Whether women are inferior to men is irrelevant. Biology has dictated the male-female position in the sexual-social relationship. The male state of mind is known as male chauvinism is condemnable only because it extended its’ boundaries into the legal-economic area where it has no business being.

It’s easy enough to see that women can be revolutionary and still be women, however, whether a man is a radical or a conservative, if his sexual social position is threatened, the entire idea’s of women’s equality will go down the drain.

The movement for women’s rights should not be ignored, for women should be allowed to compete in the professional world as professionals, and by their merits as human beings alone. The world of today is moving much too quickly for us to ignore quality and qualification because of sex. When this situation of equality comes about women will have to learn that the social graces which apply to them now, will have no place in the working world of the future. They should expect nothing more or less than equality in that world.

We must all separate the social world with its pretty traits from the world of profession, which has no place for bikering (sic) or chauvinism. The movement and all other action groups would do well, to be first to accomplish this end, not in the name of efficiency, but because equality is the essential idea of a true democracy.


****End of article. 

A year later, the U.S. Court of Appeals ruled that women must be paid “substantially equal,” though not necessarily “identical” to their male counterparts in Schultz v. Wheaton Glass Co., with the Equal Pay Act. (While the name of the company says Wheaton, the company is actually based in New Jersey.)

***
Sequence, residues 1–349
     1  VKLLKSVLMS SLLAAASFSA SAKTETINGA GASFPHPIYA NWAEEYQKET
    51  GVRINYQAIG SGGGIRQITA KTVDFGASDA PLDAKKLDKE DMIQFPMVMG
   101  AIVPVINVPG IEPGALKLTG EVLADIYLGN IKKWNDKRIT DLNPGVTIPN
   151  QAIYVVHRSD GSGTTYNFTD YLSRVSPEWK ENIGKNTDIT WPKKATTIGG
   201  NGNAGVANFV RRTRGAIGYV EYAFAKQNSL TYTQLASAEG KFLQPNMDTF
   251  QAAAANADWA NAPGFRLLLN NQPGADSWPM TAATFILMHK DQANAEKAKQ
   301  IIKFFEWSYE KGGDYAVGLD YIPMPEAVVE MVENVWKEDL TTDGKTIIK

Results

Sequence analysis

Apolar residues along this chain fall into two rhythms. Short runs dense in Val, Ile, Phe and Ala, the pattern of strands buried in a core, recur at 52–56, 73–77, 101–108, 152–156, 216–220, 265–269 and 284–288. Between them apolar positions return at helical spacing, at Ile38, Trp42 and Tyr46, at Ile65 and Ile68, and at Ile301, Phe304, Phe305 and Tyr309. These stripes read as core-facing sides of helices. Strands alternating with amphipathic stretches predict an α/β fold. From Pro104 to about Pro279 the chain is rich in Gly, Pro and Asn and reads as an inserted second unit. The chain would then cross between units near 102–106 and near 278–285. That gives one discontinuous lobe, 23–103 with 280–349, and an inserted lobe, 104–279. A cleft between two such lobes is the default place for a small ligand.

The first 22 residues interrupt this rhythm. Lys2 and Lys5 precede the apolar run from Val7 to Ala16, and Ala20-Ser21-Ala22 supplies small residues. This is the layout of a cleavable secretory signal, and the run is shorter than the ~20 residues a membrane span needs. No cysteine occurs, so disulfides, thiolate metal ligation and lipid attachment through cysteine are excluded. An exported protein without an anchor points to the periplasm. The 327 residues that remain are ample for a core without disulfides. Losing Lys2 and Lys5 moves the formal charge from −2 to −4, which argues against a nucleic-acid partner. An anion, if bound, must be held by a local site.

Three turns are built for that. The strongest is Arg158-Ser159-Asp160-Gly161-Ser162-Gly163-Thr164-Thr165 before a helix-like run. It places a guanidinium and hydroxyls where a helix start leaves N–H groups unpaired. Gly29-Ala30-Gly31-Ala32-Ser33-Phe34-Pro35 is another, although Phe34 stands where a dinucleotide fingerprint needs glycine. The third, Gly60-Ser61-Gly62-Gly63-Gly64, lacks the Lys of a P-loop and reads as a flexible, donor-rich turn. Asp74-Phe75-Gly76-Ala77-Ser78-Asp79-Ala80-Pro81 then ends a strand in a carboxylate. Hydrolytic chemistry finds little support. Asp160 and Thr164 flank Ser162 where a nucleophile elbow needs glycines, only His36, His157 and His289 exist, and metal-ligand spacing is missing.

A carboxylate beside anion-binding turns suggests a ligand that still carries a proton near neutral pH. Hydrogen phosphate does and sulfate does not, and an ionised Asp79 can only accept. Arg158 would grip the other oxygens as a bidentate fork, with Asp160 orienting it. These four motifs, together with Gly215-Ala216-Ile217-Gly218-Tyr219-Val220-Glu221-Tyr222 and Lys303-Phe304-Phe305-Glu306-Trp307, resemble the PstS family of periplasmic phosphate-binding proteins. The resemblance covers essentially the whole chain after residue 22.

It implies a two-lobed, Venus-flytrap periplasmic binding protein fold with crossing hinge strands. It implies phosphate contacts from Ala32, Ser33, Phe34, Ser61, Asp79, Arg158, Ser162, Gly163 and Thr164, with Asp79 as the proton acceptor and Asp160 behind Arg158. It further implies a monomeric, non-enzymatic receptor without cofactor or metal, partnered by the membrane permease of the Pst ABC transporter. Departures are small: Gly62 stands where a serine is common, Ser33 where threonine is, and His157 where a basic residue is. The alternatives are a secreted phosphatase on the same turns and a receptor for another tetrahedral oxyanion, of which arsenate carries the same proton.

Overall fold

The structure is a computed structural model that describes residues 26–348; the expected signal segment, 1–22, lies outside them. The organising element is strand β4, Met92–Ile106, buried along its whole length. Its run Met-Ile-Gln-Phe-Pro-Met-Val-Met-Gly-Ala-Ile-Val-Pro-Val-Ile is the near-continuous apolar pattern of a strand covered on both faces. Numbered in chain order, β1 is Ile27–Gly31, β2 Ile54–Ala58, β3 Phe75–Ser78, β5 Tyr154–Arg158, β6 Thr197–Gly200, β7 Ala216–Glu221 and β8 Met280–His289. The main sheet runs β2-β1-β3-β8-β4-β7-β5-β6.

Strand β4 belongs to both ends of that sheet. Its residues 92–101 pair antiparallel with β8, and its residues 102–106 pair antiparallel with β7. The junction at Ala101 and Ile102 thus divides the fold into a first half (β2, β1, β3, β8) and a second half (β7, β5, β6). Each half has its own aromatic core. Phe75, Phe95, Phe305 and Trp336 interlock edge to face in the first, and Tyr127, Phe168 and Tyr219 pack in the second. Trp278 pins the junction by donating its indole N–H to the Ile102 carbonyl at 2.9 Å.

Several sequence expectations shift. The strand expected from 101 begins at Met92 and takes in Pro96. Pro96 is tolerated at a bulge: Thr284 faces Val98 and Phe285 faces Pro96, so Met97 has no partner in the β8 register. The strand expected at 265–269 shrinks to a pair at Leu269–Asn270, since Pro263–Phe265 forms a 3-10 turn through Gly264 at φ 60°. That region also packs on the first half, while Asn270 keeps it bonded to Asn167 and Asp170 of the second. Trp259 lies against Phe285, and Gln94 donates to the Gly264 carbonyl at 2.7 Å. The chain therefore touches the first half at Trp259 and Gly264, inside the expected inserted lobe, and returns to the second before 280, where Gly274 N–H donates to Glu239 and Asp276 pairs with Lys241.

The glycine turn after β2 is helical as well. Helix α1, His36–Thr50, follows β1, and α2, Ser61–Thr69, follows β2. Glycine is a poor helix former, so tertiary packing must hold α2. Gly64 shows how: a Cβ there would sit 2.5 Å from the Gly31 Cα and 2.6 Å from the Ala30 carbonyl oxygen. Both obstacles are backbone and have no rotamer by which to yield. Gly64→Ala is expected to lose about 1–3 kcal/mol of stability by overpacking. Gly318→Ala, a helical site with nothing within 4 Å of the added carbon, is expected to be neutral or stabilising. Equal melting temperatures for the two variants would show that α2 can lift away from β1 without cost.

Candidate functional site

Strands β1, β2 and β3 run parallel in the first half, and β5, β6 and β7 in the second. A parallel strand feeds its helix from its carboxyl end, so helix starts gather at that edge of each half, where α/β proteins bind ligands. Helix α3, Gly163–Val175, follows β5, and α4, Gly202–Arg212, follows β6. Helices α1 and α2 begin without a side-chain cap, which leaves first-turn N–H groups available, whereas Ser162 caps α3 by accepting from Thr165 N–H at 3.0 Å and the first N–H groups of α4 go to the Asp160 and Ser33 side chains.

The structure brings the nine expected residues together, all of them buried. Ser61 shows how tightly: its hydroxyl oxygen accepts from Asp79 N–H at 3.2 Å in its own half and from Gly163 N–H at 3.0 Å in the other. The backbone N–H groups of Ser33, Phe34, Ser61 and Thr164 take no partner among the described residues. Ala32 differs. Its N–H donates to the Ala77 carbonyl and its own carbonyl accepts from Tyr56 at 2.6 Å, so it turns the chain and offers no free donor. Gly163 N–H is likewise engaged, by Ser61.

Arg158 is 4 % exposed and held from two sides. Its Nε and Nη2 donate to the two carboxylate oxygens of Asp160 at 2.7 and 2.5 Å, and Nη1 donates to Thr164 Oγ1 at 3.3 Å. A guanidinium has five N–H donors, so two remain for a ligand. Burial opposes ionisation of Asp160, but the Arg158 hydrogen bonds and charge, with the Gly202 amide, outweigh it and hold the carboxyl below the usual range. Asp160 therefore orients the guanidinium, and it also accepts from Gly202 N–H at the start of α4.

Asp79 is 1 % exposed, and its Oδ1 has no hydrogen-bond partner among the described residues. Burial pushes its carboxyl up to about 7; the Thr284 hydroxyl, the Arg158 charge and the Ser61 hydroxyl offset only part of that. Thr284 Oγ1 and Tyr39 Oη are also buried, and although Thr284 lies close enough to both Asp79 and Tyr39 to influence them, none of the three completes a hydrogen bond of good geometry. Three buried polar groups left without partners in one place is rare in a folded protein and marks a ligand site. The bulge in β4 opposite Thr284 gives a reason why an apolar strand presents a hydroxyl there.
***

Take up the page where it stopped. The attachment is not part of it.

After that, in 1972, Title IX came into fruition. According to, Title IX is a “federal law that prohibits discrimination on the basis of sex in any federally funded education program or activity.” Basically, federal money could not be used to discriminate against women, including any educational institution that accepted federal financial assistance. Later, in 2005, the Jackson v. Birmingham Board of Education made sure that no one could be punished for complaining about sex-based discrimination, according to

In 1973, the Supreme Court made it legal for women to have abortions, as a result of Roe v. Wade.

In 1994, the Violence Against Women Act made the punishments for sex offenders harsher, and “funds services for victims of rape and domestic violence, and provides for special training of police officers,” according to

These were just a few of many strides that woman have made since this article was written. If you’d like to see a more comprehensive list, you can visit